The Great Power of Breathing

On Breathing, Consciousness and the Problem of the West

“Breath is the bridge which connects life to consciousness, which unites your body to your thoughts. Whenever your mind becomes scattered, use your breath as the means to take hold of your mind again.”

― Thich Nhat Hanh, The Miracle of Mindfulness: An Introduction to the Practice of Meditation

Nilch’i translates in English as “air, wind, or atmosphere”, but to the Navajo it refers to Sacred Wind, Holy Spirit, even to the Supreme Creator that gives life, thought, speech, and motion to all living things, serving as the means of communication between all elements of the living world. Of course, no English translation can truly express the depths of Navajo philosophy.

In the beginning, according to tradition, the Sacred Winds passed through the bodies of men and creatures and made the lines on the fingers and heads of human beings, and on the bodies of the animals.

The Wind has provided men and creatures with strength ever since. The Wind was creation’s first source of nourishment, and put motion and change into nature, giving life to everything, even to the landscape, the mountains and the water.

In India, the winds that circulate through our bodies are called pranas. Vayu is the Hindu deity known as the lord of the winds or “The Breath”. The most familiar of these pranas are those that control our in-breathing and out-breathing, whereby vital substances are brought into our bodies and destructive substances are removed. These vital forces sustain life throughout our souls, stimulating our instincts, emotions and ambitions.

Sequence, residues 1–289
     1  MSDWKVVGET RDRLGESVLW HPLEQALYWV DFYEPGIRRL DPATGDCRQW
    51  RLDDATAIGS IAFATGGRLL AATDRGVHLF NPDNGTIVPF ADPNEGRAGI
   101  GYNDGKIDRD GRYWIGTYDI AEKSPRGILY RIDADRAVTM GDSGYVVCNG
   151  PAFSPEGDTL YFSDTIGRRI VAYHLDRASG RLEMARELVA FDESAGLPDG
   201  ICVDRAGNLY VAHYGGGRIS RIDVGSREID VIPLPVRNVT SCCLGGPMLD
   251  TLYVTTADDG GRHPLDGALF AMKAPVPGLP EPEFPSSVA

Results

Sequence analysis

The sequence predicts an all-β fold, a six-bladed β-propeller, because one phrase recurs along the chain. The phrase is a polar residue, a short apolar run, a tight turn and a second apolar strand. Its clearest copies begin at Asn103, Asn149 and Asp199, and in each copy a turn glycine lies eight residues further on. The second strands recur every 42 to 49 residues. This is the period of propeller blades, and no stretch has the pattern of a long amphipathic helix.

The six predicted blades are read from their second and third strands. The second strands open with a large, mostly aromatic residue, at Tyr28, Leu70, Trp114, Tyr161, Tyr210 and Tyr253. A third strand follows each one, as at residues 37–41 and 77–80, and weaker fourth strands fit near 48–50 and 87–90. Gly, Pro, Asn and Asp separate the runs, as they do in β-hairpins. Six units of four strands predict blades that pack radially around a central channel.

There are also pranas that direct our vital currents upwards toward the higher centres of our heart and mind, a cycle involving aspiration and inspiration: aspiration meaning “to breathe toward spirit, to ascend, to soar”, and inspiration, “to draw in, being infilled with spirit, divinely inspired”.

In the Book of Genesis, it reads:

“And the Lord God formed man of the dust of the ground, and breathed into his nostrils the breath of life; and man became a living soul.”

The Hebrew word for spirit is ruach, meaning “air in motion”. It is the same word for “breath or “life”. There are many verses that describe the wind as the Holy Spirit or the breath.

“The wind blows where it wishes and you hear the sound of it, but do not know where it comes from and where it is going; so is everyone who is born of the Spirit.”

John 3:8

“At this moment, you are seamlessly flowing with the cosmos. There is no difference between your breathing and the breathing of the rain forest, between your bloodstream and the world’s rivers, between your bones and the chalk cliffs of Dover.”

― Deepak Chopra, The Book of Secrets: Unlocking the Hidden Dimensions of Your Life

My purpose for highlighting these examples — and there are many more I could have chosen — is to show that our ancestors believed the act of breathing to be inseparable from the blowing of the wind or the waving of the trees.

They knew the wind, the air to be our life force; it is the flow of nature, the power that gives rise to all things. It is for this reason why each culture has a practice of prayer, meditation or self-reflection whereby breathing deeply is often the focus. These moments of reflection allow people to ground themselves and appreciate the natural passing breeze of life.

However, we in the Western world have forgotten the sacred, untouchable nature of the breath and the body. Instead, we are stuck in the trappings of our own mind, focusing all our energy into our heads, neglecting the rest of the body. This is partly due to our stationary lifestyle, where all the body must do during the day is to hold the head up towards the computer screen. The body, it is assumed, is a mere vehicle, a carriage that follows the pilot.